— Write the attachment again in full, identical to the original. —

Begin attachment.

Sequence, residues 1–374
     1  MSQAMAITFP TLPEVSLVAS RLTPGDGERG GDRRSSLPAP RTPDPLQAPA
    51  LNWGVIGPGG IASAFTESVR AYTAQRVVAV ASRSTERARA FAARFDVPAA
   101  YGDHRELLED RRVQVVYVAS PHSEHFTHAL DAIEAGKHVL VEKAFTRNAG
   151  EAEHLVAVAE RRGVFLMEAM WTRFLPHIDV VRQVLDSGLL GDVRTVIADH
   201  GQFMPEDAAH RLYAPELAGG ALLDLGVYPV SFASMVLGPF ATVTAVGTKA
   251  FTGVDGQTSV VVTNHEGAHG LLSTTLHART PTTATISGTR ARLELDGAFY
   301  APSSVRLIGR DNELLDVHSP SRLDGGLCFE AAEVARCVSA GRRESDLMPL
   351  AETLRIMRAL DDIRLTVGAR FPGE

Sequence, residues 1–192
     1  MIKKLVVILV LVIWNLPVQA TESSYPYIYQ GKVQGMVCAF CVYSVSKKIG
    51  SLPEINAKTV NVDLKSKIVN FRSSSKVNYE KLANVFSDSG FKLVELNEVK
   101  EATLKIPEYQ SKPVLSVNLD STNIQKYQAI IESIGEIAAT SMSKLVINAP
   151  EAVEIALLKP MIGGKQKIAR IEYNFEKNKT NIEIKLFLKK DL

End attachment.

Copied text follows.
Sequence, residues 1–374
     1  MSQAMAITFP TLPEVSLVAS RLTPGDGERG GDRRSSLPAP RTPDPLQAPA
    51  LNWGVIGPGG IASAFTESVR AYTAQRVVAV ASRSTERARA FAARFDVPAA
   101  YGDHRELLED RRVQVVYVAS PHSEHFTHAL DAIEAGKHVL VEKAFTRNAG
   151  EAEHLVAVAE RRGVFLMEAM WTRFLPHIDV VRQVLDSGLL GDVRTVIADH
   201  GQFMPEDAAH RLYAPELAGG ALLDLGVYPV SFASMVLGPF ATVTAVGTKA
   251  FTGVDGQTSV VVTNHEGAHG LLSTTLHART PTTATISGTR ARLELDGAFY
   301  APSSVRLIGR DNELLDVHSP SRLDGGLCFE AAEVARCVSA GRRESDLMPL
   351  AETLRIMRAL DDIRLTVGAR FPGE

Sequence, residues 1–192
     1  MIKKLVVILV LVIWNLPVQA TESSYPYIYQ GKVQGMVCAF CVYSVSKKIG
    51  SLPEINAKTV NVDLKSKIVN FRSSSKVNYE KLANVFSDSG FKLVELNEVK
   101  EATLKIPEYQ SKPVLSVNLD STNIQKYQAI IESIGEIAAT SMSKLVINAP
   151  EAVEIALLKP MIGGKQKIAR IEYNFEKNKT NIEIKLFLKK DL